Daily Fishing and Outdoor Report

uesday, July 12, 2016: We saw some good old south winds late today but ...



Below: Hell, where do you even put the dollar bills without getting killed. 

Tuesday, July 12, 2016: We saw some good old south winds late today but that  traditional summer gustiness may be gone for what could be a fairly lengthy period of near doldrums, something very rare around here except in spring. Oh, it won’t be dead calm out there – except maybe in the a.m. – but from Thursday onward, through the weekend and then some, there simply won’t be any powerful wind-makers pushing more than 10 mph -- short of possible late-day side-ass wind action to maybe 15.
The calmer air will have our surfline ocean back to that rare clearness we’ve been seeing of late. Get out there on a paddleboard and check out what’s a-swim. On second thought, you might not want to know how many gray suits are out there. I’m actually a bit surprised there isn’t more cow-nosed ray action. They started off like balled up gangbusters but have seemingly fanned out, breaking from the huge schools that had been seen from the air just to our south. That dispersion could be due to sharks, which look on stingrays like we do on free-delivery pizzas.

For the first time in a dogfish age, I’m busting out my mask, snorkel and flippers for a nearshore swim-about. I want to peruse the jetties exposed in Surf City before they go the way of replenishment. I know for a fact some of them have resident bass. This also seems like a fine time to check out the kingfish presence. While these bottom-feeders are easy to see when snorkeling on the surface, they’ll have no part of a diver coming down to visit them. Stripers, on the other hand, can be highly lackadaisical to a diver.

I keep forgetting to order the latest thing in snorkeling: Full Face Snorkeling Mask with Go Pro Mount. Tomorrow.

Below I share my SandPaper write-up of the fatal boat accident near Oyster Creek channel. Much thanks to those who helped me iron out the details.

Yes, there were some minor mix-ups and errors as the story progressed but that happens when you try to get news out as quickly as possible.

During my 30-plus years in journalism, my whole philosophy has been to defiantly assure that the public always knows what’s happening, ASAP. That’s likely why I’m immersed in social media. In real life, I’m hardly what you’d call a 5,000-friend type. But damn if I’m not maxxed out in Facebook.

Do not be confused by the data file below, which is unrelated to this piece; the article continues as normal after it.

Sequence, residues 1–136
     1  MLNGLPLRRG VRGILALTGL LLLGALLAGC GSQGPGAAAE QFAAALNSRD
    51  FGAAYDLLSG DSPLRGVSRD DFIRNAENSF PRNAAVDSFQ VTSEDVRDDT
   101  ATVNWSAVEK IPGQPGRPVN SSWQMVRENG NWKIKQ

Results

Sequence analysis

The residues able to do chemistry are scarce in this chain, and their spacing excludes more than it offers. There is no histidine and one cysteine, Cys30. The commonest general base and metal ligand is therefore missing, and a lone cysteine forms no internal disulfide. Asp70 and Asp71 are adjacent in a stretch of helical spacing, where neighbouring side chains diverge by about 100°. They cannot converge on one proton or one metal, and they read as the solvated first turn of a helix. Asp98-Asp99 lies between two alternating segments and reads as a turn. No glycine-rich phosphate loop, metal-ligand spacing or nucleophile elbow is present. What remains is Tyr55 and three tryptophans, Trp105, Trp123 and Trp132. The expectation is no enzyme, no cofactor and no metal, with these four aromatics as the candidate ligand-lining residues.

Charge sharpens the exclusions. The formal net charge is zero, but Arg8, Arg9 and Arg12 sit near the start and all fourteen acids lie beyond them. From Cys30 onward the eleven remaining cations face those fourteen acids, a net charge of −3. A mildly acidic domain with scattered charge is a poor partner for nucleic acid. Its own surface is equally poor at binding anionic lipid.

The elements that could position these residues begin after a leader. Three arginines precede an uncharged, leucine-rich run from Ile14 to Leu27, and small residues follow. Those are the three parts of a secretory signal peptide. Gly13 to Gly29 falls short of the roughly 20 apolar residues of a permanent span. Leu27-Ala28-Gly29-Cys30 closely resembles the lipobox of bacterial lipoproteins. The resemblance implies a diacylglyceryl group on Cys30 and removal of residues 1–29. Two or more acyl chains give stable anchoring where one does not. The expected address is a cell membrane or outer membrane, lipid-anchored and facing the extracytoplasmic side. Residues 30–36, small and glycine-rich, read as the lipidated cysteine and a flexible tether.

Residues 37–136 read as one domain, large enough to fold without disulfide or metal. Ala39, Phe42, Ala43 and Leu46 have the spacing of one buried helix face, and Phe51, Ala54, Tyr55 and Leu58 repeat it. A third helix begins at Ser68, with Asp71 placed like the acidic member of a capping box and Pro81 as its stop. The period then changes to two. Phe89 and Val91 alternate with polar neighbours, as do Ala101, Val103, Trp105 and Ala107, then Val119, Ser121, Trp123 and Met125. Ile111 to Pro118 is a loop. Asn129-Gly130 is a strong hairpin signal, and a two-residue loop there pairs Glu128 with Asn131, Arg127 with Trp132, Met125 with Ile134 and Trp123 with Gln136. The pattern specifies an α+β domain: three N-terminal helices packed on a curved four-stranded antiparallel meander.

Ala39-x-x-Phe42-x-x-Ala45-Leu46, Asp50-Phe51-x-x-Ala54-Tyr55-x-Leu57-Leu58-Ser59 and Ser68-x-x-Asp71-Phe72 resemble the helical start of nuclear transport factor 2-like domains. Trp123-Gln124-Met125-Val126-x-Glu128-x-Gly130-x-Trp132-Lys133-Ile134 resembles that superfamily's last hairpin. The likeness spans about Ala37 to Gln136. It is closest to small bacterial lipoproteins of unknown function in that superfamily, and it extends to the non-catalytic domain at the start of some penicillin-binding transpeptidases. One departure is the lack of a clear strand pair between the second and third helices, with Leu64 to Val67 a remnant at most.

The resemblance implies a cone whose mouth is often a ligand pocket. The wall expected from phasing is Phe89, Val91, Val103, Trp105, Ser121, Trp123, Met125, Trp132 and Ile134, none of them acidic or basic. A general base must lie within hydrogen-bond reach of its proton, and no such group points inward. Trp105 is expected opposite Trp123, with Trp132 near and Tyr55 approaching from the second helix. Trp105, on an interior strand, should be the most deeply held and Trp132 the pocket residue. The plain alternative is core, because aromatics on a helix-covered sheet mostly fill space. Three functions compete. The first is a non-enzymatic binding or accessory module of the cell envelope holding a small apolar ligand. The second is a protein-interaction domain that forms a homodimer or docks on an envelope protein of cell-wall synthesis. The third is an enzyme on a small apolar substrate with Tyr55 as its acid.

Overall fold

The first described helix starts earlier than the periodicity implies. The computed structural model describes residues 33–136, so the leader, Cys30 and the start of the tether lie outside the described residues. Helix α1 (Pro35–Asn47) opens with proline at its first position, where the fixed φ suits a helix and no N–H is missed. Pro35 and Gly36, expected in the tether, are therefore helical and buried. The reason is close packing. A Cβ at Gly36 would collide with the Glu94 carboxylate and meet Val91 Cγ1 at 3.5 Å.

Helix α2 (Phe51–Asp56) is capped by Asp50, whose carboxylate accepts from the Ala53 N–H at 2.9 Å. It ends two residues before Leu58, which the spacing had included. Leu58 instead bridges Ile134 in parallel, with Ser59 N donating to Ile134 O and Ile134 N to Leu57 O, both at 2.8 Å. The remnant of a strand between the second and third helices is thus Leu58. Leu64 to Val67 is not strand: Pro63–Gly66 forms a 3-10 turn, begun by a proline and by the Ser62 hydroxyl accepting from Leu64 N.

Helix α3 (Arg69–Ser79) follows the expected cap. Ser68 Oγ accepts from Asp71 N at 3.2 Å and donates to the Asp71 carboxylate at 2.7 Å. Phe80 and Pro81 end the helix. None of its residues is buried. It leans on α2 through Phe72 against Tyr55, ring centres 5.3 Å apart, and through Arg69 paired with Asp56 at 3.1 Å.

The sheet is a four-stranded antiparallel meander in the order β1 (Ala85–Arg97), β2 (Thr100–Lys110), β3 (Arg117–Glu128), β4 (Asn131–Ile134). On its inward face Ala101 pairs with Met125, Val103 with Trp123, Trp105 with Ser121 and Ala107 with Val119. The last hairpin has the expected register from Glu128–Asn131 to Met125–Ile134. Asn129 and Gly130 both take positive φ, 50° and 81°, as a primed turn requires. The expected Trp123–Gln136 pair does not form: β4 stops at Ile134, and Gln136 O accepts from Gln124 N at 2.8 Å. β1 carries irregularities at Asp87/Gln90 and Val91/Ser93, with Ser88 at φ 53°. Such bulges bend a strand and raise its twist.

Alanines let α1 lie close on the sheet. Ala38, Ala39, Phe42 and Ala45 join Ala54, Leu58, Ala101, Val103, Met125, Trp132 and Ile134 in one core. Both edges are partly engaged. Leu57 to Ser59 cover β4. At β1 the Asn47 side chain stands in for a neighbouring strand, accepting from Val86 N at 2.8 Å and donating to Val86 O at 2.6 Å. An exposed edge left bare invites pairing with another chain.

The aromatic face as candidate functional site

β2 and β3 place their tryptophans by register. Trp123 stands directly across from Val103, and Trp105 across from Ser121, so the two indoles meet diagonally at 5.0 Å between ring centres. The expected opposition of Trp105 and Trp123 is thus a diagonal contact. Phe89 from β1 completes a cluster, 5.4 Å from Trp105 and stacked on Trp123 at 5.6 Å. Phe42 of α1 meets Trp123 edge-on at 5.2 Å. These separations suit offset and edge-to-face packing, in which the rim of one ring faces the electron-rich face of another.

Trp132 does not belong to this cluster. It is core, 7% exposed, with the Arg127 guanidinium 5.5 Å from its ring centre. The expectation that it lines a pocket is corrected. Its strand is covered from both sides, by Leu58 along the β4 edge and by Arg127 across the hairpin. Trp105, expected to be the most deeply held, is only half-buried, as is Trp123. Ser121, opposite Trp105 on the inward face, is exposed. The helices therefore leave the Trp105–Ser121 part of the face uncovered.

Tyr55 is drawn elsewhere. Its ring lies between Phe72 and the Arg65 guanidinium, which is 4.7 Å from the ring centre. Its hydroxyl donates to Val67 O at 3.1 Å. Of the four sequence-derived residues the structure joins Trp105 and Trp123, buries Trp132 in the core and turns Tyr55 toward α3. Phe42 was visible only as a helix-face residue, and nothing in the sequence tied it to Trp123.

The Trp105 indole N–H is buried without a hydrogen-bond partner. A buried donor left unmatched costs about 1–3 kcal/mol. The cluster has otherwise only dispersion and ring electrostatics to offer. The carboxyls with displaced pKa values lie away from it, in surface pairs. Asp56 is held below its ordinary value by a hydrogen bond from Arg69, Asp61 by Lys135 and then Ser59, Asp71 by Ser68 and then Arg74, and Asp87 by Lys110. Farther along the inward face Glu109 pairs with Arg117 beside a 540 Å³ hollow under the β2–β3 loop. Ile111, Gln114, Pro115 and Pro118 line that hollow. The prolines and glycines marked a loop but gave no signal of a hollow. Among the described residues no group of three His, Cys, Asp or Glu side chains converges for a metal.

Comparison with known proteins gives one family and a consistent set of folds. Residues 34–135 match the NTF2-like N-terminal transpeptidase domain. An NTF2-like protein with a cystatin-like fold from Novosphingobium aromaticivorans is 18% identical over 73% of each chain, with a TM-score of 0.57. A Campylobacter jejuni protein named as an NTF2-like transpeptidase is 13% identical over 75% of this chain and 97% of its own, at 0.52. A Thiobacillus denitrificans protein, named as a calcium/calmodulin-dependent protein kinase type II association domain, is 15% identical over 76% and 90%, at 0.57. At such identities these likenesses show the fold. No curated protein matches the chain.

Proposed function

A Bad Day on a Beautiful Bay: Boating Fatality Mars Weekend

Sunday was a gorgeous day on Barnegat Bay. But licensed charterboat captain Jeff Dangelmajer of Barnegat didn’t like what he was seeing.

In calm water near the east convergence zone of Double and Oyster creeks, Dangelmajer and his wife were in one of dozens of vessels either anchored up or drifting the waters just inside Barnegat Inlet. In the short time he had been anchored, the experienced captain had seen a number of vessels he felt were moving too quickly for the boat-crowded water conditions.

While realizing that nearby waters included a popular full-throttle channel for accessing the inlet, Dangelmajer felt boating conditions that day simply weren’t conducive to full-throttle passages of vessels bound for the inlet or ocean. He watched as a Bayliner sped through the throng of boaters, delivering a destabilizing wake to many of them.

“I was thinking, ‘How can you go through that area that fast?’” he said, adding, “Vessels really should have been throttling down.”

He had no way of knowing that within minutes, he would witness one of the worst boating accidents he had ever seen.

Dangelmajer was on the bow of his boat when he first noticed the approach of a blue, 36-foot speedboat, powered by twin 350-HP outboard engines. And it was seriously motoring up the channel … legally.

Understanding that a vessel of that type needed at least 30-knots of speed to maintain its plane, Dangelmajer knew there would be some serious wake arriving for any and all nearby boats. Instead, he soon found himself contending with far more, as he watched in disbelief as the speedboat plowed over a 16-foot Carolina Skiff with three people on board. The skiff was from a Barnegat Light boat rental business.

“I couldn’t believe what I was seeing. God, it was unbelievable,” he said.

According to Dangelmajer, the speedboat struck the smaller vessel on the starboard side of the stern, striking Chan Kang, 35, of Burlington County. The impact knocked Kang out of the vessel. He was critically injured, either by the impact from the bow of the speedboat or possibly by the propeller as it passed over the stern of the skiff.

After the impact, “The boat (speedboat) just kept going, 100 yards past the skiff, before throttling down,” said Dangelmajer, noting that some of the six passengers on the speedboat could be seen looking back at the crash scene.

Dangelmajer then noticed a male passenger stand up in the middle of the skiff, yelling. Another male passenger remained seated nearer the bow. “The (standing) man then jumped in, going over to the man in the water.”

In under a minute, as many as 15 nearby boats motored over to assist the crippled skiff, which was taking on water but hadn’t sunk.